Some skills don't rust for this old manEditorial | Mary Ma 29 Aug 2018
Malaysian Prime Minister Mahathir Mohamad's diplomatic skills are unparalleled.
After saying "no" to three "Belt and Road" projects, Mahathir is now speaking similarly about a gigantic property development led by one of the mainland's largest developers, Country Garden.
Although he stopped short of saying the Forest City project - a development envisioned to house 700,000 people on reclaimed land near Singapore -- would be canceled, as he did with the East Coast Rail Link and two gas pipelines, the outcome of his remarks that foreigners will be banned from buying properties there could amount to the same thing.
Caught by total surprise, Country Garden immediately plunged into crisis mode, blaming the media for taking the 93-year-old politician's remarks out of context.
The Guangdong-based company's statement clearly failed to assure investors. Its shares were among the poorest performers on the Hong Kong bourse yesterday, shedding more than 3 percent even as the Hang Seng Index managed to stay on the positive side.
Investors are taking the old man's words seriously, for he has only recently persuaded Beijing to accept the fate of the three "Belt and Road" projects - despite their strategic importance in President Xi Jinping's ambitious foreign policy.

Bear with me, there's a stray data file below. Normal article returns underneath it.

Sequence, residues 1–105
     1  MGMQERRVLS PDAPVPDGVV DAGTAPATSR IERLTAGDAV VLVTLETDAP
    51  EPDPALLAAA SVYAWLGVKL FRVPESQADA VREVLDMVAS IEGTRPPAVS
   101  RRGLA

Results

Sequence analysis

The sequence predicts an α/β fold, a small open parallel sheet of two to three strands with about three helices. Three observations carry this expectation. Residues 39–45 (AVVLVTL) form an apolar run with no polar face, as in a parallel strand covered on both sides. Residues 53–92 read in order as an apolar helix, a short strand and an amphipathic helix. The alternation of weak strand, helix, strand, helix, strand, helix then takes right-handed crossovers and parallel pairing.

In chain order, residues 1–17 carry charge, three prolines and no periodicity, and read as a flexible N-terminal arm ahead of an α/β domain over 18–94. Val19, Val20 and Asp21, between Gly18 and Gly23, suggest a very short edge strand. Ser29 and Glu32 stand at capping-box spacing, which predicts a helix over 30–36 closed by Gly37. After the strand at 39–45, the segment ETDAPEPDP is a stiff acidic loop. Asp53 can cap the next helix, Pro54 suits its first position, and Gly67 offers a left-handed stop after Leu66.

Country Garden's response was particularly frail, as the press event where Mahathir spoke about the ban on foreign buyers was recorded, and the video clip widely circulated on YouTube. The ban came straight from the horse's mouth.
After ditching the projects on the grounds they are too expensive for Kuala Lumpur, Mahathir is taking aim at Country Garden's Forest City. Furthermore, he's reportedly doubling down on wanting the "great wall" built around the Malaysia-China Kuantan Industrial Park to be knocked down in the name of free movement for Malaysians.
Throughout his political life, the veteran politician has been accustomed to saying "no" to the powers that be. He thumbed down the United States in the 1990s, during which he withstood Washington's opposition to his push for the idea of a regional free trade zone called East Asian Economic Group.
But why is Mahathir taking a hard line on China now?
Sri Lanka's handing over of its southern port Hambantota to China on a 99-year lease to settle a loan could be a factor causing Kuala Lumpur's rethink. Mahathir is probably concerned about the rise of Beijing's influence in the multiracial country during his predecessor Najib Razack's regime, which conflicts with his long-time policy of striking a balance in a regional geopolitical rivalry currently dominated by America and China.
One of the best known government leaders of the post-colonial era, Mahathir - like his late Singaporean counterpart Lee Kuan Yew - has been treading a fine line while resolving to keep Malaysia independent. Whenever the fine line is crossed, he stops it.
He may also be clearing the way for his successor Anwar Ibrahim, also known as the country's prime minister-in-waiting, to start a new page.
If it's hard for someone to say the word "no," it isn't true for Mahathir, who has just demonstrated how to say it in high diplomacy.